Courses that fulfill
General Education Requirements:
- (A-AP) = Arts - Applied
- (A-TH) = Arts - Theoretical/Historical
- (A-AR) = Analytical - Abstract Reasoning
- (A-QR) = Analytical - Quantitative
- (D-D) = Diversity - Domestic
- (D-I) = Diversity - International
- (D-L) = Diversity - Language
- (ES) = Earlham Seminar
- (IE) = Immersive Experience
- (RCH) = Research
- (SI) = Scientific Inquiry
- (W) = Wellness
- (WI) = Writing Intensive
- (AY) = Offered in Alternative Year
ENSU 141 ENVIRONMENT, SOCIETY AND SUSTAINABILITY (4 credits)
This course provides an introduction to environmental sustainability via an integrated approach linking social and natural sciences, with an emphasis on perspectives and methods from social sciences. Specific topics of focus: historical influences on environmental thought, systems thinking, water, food and agriculture, population, waste management, environmental policy, and urban planning.
ENSU 151 ENVIRONMENT, SCIENCE AND SUSTAINABILITY (4 credits)
This course provides an introduction to environmental sustainability via an integrated approach linking social and natural sciences, with an emphasis on perspectives and methods from natural sciences. Topics include: history of environmental sciences, carbon cycling and climate change, renewable/non-renewable resources, pollution and human health, land conservation/restoration, and human-wildlife conflict.
*ENSU 205 AMERICAN LITERATURE AND ECOLOGY (4 credits)
A study of American environmental literature and its imaginative forms in relation to environmental philosophy, including changing ideas of nature and wilderness; representations of space and place; the deep ecology, ecofeminism and environmental justice movements; and the overall relation between human language and value and the non-human world. Attention also to cultural issues of ecology, such as how our ecological understandings affect our sense of identity and our social and economic practices. May include writers such as Thoreau, Abbey, Muir, Snyder, Aldo Leopold, Terry Tempest Williams, Leslie Marmon Silko and Mary Oliver. Also listed as ENG 205. (WI) (AY)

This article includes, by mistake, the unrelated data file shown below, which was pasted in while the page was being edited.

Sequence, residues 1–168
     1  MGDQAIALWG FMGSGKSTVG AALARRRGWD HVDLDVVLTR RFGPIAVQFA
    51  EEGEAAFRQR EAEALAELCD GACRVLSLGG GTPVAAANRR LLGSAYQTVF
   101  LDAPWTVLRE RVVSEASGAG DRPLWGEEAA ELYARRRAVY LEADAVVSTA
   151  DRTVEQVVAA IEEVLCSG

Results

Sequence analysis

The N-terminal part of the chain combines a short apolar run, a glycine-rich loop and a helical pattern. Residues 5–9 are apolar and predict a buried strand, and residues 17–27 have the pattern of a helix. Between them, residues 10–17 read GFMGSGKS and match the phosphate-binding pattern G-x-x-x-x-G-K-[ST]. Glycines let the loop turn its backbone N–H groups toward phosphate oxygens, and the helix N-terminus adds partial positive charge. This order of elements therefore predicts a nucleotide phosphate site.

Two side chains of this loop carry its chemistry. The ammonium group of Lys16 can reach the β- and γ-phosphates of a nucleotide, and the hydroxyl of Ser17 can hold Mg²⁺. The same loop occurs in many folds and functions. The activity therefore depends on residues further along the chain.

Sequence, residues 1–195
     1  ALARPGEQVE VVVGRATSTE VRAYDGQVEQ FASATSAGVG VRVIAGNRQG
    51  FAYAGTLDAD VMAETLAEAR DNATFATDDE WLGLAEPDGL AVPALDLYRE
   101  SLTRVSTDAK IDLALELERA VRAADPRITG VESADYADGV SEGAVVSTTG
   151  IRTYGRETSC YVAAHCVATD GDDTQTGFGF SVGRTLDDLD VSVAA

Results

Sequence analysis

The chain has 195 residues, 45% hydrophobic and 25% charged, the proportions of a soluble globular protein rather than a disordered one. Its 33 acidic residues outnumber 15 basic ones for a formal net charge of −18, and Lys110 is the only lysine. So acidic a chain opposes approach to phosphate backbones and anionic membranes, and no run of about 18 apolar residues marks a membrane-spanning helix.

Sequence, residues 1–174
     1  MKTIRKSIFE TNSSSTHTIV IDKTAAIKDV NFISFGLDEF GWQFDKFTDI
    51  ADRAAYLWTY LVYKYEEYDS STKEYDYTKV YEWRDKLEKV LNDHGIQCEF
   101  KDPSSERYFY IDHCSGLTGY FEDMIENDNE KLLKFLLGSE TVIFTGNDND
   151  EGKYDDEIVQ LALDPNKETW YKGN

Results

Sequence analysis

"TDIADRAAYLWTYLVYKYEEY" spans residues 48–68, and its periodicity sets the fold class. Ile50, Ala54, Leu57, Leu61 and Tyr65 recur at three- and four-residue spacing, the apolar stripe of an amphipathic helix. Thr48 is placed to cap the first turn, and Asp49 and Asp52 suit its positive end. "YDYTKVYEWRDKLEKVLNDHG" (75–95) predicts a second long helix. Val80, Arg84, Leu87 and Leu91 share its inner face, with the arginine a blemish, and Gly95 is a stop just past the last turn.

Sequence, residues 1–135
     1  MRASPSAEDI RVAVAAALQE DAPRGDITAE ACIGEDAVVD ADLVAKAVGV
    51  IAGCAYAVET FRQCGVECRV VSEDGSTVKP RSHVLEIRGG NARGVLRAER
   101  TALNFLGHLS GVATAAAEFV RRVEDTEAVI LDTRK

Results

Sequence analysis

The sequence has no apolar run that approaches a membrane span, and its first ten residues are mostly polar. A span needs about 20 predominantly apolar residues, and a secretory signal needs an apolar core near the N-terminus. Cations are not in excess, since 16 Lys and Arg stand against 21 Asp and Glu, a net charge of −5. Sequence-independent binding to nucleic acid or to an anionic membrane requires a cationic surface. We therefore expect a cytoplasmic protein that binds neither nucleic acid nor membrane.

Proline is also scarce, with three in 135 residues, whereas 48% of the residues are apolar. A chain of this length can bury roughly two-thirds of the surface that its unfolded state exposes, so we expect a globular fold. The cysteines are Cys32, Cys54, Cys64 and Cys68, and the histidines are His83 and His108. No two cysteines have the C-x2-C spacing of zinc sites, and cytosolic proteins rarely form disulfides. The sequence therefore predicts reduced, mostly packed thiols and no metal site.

ENSU 210 OUTDOOR TRIP LEADERSHIP (1 credit)
This is a 7-week course that includes a weeklong, student-led field trip over Spring Break (March 18 - 26, 2017). OTL is required for students wishing to receive the Outdoor Education Designation or lead outdoor education trips such as August Wilderness or AWPE courses. Topics covered include trip planning and preparation, risk management, lesson facilitation, and outdoor skill acquisition. Course fee: $350.
*ENSU 231 JAPANESE CULTURE AND THE ENVIRONMENT (3 credits)
This course entails a general introduction to Japan’s natural environments with an emphasis on the roles that humans, their cultures and societies, have played and continue to play in shaping them. Specific topics include: religion and natures, pop culture & media productions of nature, pollution, technology, and environmental politics. Also listed as JPNS 231. (D-I)
ENSU 310 APPLICATIONS OF GIS IN SOCIAL SCIENCES: POLITICS, BUSINESS, CRIME and URBAN ECOLOGY (4 credits)
This course is designed to provide a foundational knowledge of Geographic Information Systems (GIS) and its applications to the Social Sciences. Students in this course will use ArcGIS. The course will cover basic GIS concepts such as mapping, projections, geo-referencing and spatial analysis. It will be taught using a combination of lectures, demonstrations, and hands-on, interactive tutorials in the classroom. Students will constantly apply spatial analytical tools to address questions, solve problems and complete independent projects in and outside the classroom. Prerequisite: Sophomore or Junior standing.